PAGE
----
14 Août 2021
From UNITED KINGDOM •
Playing a home show still feels special for The Beths, who began playing shows in 2015 and quickly won over local audiences with a low-key approach that disguised their drive for excellence. Today, the band announces its first live recording and film, Auckland, New Zealand, 2020, out September 17th on Carpark Records.
The announcement also comes on the three-year anniversary of the release of their debut album, Future Me Hates Me. Auckland, New Zealand, 2020 showcases the infectious energy The Beths bring to every performance. Native birds, wonkily crafted by the band from tissue paper and wire, festoon the venue’s cavernous ceiling while house plants soften and disguise the imposing pipes of an organ.
The presence of the film crew isn’t disguised: much of the camerawork is handheld; full of fast zooms and pans. "Watching the film for the first time brought back all the emotions of 2020 for us. Sports Team have done such an amazing job of capturing the mix of anxiety and simple joy that was touring music in NZ at the time. We are so grateful that it happened and grateful to have it documented with so much love and care,” says lead vocalist/guitarist Elizabeth Stokes.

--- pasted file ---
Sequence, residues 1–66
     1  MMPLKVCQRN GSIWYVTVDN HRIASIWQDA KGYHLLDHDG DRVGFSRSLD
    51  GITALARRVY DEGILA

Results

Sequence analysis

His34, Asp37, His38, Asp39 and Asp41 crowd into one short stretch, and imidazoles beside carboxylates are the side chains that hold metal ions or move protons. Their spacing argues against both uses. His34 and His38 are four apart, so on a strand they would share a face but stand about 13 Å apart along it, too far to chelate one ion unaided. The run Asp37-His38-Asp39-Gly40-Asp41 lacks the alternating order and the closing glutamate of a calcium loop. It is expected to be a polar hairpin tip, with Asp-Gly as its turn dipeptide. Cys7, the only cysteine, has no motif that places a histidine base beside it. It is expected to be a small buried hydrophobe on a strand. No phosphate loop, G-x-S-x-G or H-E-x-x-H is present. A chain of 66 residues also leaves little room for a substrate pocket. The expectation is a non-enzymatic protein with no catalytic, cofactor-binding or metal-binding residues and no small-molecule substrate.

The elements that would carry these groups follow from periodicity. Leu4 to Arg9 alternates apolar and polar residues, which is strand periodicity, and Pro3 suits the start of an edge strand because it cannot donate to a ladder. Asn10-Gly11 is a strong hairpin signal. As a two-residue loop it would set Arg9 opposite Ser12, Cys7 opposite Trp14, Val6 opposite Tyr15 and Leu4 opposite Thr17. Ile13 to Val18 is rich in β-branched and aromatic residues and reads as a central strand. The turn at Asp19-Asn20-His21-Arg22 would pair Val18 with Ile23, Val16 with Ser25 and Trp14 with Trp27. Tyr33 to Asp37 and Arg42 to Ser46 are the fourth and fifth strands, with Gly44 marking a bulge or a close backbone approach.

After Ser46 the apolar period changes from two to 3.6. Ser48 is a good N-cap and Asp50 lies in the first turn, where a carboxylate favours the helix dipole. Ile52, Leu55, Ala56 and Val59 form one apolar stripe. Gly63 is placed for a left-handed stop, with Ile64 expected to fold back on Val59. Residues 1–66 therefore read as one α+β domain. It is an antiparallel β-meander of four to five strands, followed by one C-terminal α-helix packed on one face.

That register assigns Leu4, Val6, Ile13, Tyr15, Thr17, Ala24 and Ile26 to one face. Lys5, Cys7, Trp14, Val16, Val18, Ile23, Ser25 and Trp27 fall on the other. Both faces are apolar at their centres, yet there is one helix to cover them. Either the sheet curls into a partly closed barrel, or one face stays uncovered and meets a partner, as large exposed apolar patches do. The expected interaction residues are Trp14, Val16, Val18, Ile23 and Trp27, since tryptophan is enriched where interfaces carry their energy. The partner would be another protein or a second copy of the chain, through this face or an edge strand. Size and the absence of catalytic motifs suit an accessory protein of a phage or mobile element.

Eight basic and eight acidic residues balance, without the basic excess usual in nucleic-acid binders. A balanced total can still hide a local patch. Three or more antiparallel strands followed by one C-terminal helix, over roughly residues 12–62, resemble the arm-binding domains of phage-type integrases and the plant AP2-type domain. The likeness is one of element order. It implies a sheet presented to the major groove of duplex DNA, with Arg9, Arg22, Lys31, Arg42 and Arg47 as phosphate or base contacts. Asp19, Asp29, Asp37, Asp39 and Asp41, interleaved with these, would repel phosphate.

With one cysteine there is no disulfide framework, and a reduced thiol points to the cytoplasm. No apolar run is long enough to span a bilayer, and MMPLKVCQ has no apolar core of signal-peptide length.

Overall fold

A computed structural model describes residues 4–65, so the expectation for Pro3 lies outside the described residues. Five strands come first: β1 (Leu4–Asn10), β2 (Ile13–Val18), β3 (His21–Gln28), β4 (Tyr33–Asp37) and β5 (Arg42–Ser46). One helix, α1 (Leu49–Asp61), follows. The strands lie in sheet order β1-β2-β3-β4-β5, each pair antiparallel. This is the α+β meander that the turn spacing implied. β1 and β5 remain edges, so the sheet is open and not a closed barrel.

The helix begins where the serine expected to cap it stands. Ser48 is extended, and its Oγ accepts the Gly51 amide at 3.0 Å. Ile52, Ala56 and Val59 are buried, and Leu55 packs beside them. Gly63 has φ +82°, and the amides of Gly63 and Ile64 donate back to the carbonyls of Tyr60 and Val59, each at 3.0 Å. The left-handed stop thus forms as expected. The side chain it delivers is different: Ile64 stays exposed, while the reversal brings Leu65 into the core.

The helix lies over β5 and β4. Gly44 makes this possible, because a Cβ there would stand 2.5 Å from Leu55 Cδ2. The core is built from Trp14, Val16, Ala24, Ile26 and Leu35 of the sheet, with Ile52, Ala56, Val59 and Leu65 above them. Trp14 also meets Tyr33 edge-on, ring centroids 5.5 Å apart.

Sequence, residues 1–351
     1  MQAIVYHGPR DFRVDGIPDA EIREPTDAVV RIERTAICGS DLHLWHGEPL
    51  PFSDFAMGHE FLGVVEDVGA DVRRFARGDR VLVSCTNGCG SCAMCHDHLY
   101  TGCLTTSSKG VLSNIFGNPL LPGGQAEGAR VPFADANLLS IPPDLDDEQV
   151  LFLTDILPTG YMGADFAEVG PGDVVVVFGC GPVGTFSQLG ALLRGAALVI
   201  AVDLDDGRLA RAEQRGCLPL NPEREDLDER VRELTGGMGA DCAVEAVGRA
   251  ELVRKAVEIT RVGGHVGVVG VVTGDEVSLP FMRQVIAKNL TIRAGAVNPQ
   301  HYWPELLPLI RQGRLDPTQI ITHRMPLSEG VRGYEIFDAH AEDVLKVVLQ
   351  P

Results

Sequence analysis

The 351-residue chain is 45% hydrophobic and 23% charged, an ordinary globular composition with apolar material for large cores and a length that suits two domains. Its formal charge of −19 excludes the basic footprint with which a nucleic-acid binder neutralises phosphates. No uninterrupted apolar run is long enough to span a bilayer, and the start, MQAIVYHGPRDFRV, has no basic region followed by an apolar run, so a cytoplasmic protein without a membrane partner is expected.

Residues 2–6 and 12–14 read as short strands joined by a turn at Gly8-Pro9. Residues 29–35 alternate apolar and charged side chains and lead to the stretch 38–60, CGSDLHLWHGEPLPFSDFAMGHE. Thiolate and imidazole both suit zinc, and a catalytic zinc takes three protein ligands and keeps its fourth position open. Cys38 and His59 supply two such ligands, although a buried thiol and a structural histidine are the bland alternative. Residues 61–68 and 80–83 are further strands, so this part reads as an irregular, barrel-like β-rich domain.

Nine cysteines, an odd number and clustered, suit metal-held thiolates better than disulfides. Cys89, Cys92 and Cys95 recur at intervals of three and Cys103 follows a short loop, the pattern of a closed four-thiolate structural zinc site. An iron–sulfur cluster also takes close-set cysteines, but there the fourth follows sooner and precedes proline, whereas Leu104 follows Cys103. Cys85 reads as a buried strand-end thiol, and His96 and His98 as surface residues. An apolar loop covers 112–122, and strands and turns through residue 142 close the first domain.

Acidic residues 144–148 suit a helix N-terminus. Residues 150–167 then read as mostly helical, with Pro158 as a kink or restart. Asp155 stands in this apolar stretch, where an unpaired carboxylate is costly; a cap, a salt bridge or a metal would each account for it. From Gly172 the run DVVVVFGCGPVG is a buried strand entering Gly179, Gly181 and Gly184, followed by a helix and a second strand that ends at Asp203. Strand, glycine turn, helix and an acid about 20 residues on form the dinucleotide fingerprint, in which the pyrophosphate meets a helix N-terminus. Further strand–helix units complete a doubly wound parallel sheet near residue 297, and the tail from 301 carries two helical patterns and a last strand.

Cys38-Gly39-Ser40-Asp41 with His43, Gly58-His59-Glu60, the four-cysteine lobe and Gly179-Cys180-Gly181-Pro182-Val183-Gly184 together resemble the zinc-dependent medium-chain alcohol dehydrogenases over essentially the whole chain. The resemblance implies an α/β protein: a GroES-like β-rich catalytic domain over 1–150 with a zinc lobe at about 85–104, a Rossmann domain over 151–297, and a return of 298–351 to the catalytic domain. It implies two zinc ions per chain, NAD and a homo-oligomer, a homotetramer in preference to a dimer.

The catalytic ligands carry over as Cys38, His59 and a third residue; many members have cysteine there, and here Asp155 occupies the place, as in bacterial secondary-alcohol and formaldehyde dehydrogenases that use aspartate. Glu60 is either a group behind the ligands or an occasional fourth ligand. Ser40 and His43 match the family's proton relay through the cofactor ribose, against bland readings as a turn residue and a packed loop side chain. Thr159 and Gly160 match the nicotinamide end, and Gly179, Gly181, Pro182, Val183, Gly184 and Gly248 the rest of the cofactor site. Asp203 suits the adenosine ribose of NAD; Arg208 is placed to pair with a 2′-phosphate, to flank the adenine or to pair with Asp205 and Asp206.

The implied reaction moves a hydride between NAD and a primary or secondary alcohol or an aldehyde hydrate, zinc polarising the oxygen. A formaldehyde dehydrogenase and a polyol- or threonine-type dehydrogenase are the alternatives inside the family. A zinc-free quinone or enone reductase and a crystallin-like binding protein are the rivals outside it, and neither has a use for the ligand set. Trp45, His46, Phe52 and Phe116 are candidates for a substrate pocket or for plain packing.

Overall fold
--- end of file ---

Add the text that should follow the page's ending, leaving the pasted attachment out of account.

After building a loyal following through live performances and their 2016 EP Warm Blood, The Beths signed to Carpark Records and released the debut album, Future Me Hates Me, in 2018. Jump Rope Gazers, released in July 2020, was a slower, yearning follow-up that still fizzes and sparks with pop-punk sensibilities.
Immediately seized on by both fans and music critics as a bright spot during an otherwise dark year, Jump Rope Gazers was named Album of the Year at New Zealand’s national Aotearoa Music Awards in 2020, and secured the band awards for Best Group and Best Alternative Artist for the second year running. The releases catapulted the band straight into lengthy international tours that saw them support legends like The Pixies and Death Cab For Cutie as well as headlining increasingly large shows of their own.
Auckland, New Zealand, 2020 has its genesis in an urge to share the now-rare experience of a live show as widely as possible. The accompanying film makes the deep bond Stokes, lead guitarist Jonathan Pearce, bassist Benjamin Sinclair, and drummer Tristan Deck clearer than ever: capturing the in-jokes they share with audiences during on-stage banter, and foregrounding their mutual preoccupations with the game of cricket and New Zealand’s native birds.
It’s a collective exhalation, in one of the few countries where live music is still possible. They deliberately include the date and location, because “That’s the sensational part of what we actually did,” says Pearce. In a mid-pandemic world, playing to a heaving, enraptured home crowd feels miraculous.